For me, Israel is personal.
I was born as Israel’s War of Independence raged, just weeks after the state’s miraculous birth. As I lay in the hospital room with my mother, the windows shattered with the relentless attacks of those who sought, once again, to destroy us – this time not on their bloodstained soil but on our own sacred land. Once again, by God’s hand, we prevailed. The few against the many. The weak against the so-called strong.
My parents arrived in Palestine on the very last boat to sail from Romania. They were broken, demeaned and degraded but they were determined to find renewal in the holy land. For my family, galut and geulah are not chapters in a history book. They are real life experiences.
For us, Yom HaShoah and Yom Ha’Atzmaut were not mere dates on the calendar but days filled with piercing memories that called for reflection, remembrance, and, ultimately, celebration.
For many years, my family was not alone in fervently claiming these dates, these searing modern commemorations, as our own. Growing up in Forest Hills, New York, I remember the crowds of Jews – all Jews, of every age and background – that came together in synagogues and sanctuaries to remember, to pray, and to promise.
I remember the power those long-ago days held for those of us who gathered to commemorate and to celebrate them. But now? Many progressive Jewish communities continue to celebrate Israel, but in the majority of today’s major Orthodox communities it’s rare to find recognition – let alone active celebration – of these most sacred days.
How do we explain this Orthodox response, or lack of it, to the state of Israel? Can any of us deny the miracle Israel represents? For the first time in two thousand years the ingathering of exiles is realized as Jews have returned home to the land promised by God. The city of Jerusalem is rebuilt. The desert once again blooms.
All this on the heels of the greatest churban in Jewish history, the Holocaust.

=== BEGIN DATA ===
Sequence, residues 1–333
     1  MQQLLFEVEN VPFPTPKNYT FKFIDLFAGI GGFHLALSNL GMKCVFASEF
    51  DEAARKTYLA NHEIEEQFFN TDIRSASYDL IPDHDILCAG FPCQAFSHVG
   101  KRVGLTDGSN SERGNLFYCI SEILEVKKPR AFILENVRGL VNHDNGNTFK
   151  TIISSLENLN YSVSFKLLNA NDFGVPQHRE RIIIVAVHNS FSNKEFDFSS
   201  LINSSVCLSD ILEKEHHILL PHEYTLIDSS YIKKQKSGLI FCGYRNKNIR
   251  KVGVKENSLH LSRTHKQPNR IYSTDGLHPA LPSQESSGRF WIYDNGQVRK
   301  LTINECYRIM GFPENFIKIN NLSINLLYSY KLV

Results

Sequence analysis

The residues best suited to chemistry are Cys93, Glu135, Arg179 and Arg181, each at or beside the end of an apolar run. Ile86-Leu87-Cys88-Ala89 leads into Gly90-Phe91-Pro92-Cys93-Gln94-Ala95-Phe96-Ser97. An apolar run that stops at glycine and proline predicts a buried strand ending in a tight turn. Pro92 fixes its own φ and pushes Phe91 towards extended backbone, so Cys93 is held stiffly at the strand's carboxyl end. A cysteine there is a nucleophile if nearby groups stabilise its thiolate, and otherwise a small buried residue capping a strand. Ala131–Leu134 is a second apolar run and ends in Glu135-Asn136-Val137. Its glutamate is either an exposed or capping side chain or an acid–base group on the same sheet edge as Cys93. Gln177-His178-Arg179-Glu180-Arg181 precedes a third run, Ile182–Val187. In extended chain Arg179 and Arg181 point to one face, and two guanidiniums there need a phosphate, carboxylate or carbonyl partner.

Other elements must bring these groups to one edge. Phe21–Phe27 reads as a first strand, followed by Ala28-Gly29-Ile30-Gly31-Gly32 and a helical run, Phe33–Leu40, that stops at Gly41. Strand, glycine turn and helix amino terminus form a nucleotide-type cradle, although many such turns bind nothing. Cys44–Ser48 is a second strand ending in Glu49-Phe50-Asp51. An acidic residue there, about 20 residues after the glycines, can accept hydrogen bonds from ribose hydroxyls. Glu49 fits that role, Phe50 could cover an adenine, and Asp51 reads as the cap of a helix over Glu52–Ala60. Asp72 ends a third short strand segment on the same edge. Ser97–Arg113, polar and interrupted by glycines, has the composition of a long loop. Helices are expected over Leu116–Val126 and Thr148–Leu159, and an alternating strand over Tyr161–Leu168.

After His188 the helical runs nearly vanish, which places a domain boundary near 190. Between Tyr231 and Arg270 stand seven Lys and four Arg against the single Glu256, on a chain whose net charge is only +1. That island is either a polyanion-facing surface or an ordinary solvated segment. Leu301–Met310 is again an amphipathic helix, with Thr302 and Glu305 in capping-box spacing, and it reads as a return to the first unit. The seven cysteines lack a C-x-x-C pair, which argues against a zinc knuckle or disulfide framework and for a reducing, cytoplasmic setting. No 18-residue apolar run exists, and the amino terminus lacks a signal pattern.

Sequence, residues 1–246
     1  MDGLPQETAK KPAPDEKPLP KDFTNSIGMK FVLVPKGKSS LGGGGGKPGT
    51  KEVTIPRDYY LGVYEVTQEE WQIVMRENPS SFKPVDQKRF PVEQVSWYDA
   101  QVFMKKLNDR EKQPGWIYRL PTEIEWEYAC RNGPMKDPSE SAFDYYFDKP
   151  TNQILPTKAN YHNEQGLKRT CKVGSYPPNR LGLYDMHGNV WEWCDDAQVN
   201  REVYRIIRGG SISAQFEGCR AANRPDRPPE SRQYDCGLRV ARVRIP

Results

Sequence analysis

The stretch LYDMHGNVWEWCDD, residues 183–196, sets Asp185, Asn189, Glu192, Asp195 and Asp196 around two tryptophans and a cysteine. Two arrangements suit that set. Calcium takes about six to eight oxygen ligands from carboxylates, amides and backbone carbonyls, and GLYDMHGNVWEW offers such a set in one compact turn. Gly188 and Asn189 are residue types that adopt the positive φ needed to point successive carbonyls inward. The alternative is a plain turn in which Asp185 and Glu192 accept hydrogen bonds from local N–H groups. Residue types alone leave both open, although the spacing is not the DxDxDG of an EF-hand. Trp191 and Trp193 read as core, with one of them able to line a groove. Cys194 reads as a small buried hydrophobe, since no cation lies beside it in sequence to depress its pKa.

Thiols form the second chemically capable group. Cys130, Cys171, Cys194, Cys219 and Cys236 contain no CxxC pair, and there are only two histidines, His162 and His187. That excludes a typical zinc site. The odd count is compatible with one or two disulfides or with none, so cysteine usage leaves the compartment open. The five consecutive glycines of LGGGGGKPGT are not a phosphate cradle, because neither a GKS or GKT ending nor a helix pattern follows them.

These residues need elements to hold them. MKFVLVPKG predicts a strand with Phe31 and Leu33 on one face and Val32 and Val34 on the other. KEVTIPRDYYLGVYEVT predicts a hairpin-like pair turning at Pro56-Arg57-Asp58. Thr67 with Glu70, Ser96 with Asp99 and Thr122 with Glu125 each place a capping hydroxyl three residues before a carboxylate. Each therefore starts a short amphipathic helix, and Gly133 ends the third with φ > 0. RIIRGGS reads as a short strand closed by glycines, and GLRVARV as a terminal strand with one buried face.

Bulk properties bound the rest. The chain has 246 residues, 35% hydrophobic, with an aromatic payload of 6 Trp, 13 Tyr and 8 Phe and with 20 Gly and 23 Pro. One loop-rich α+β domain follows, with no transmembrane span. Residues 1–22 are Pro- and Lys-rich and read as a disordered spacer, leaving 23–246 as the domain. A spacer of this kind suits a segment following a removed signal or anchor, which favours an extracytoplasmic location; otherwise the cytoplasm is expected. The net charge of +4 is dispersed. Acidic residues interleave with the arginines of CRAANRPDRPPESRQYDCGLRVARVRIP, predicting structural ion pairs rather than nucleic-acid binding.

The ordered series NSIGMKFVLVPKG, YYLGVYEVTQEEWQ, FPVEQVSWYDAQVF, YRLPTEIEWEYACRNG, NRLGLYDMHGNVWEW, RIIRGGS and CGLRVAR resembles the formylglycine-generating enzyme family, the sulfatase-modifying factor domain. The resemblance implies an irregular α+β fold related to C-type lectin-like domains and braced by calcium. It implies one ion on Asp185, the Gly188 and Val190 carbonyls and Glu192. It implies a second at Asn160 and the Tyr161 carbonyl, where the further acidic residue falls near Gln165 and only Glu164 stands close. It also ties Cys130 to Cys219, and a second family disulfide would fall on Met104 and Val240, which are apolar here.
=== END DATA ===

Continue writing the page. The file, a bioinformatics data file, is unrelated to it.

Miracle of miracles! The gates of Auschwitz closed and the gates of Haifa opened. If ever there was a confirmation of the Divine Covenant, of the eternal relationship between a people, a Torah, God, and a land; if ever there was a fulfillment of prophecies that in spite of a bitter galut and the terror of persecution there would be ultimate geulah and return to the land and its God; if ever there was a period of Messianic possibility and challenge – it is now.
More Jews are engaged in serious, regular, and creative Torah learning in Israel than at any time in the last five centuries. “From Zion the Torah will come forth and the word of God from Jerusalem.” And so it does. The world’s Torah is nourished from its source in Jerusalem. A distinguished chassidic leader recently told me that most Jews are not aware that “the government of the state of Israel is the world’s most generous donor in support of Torah study.”
The silence of the Soviet Jews ended. The influence of Jews in America and Europe is palpable. All this, and more, only because Israel exists.
Yet the majority of Orthodox Jews in America act as though nothing of note happened on May 14, 1948. They refuse to acknowledge God’s outstretched arm or recognize our generation’s restored glory. What arrogance causes them to summarily reject the opportunity to celebrate and rejoice on new Yomim Tovim? How do they show such disregard for those who love, support and sacrifice for Israel? What thinking is behind the rejection of the Hebrew language and the distancing of all that speaks of Tziyonim?
There are Orthodox schools of thought and practice that educate their children – toddlers even! – to think and live as kanaaim.
The fact that modern Israel may not as yet be the fulfillment of all Messianic dreams and aspirations does not, cannot and must not mean its rejection, denial, or disdain.
“Israel,” Rabbi Yaakov Rabinowitz poignantly wrote, “is focal to our people. It is not an afterthought. It is not something to be tolerated for the sake of unity or because it is home and protector to so many of our brothers and sisters. It is a step, small or large is irrelevant, toward redemption. Its triumphs and celebrations are our triumphs and celebrations. There may be differences in the manner of celebration, but we affirm, with strength and conviction and without apology, that it is our simcha and that we want to, and need to, be a part of it. We are proud of its symbols, be they flag or anthem, for they have become sanctified…”
My grandfather, the Romanian gaon Rav Bezalel Ze’ev Shafran, was asked, “Why is it that in the Nusach S’fard Keter Kedushah we ask, V’hu yigaleinu sh’einit?” Why do we ask that God redeem us for the second time? The second redemption has already occurred! Are we not eagerly anticipating the third and ultimate redemption?Rabbi Eliyahu Safran
About the Author: Rabbi Dr. Eliyahu Safran is an educator, author, and lecturer. He can be reached at email@example.com.
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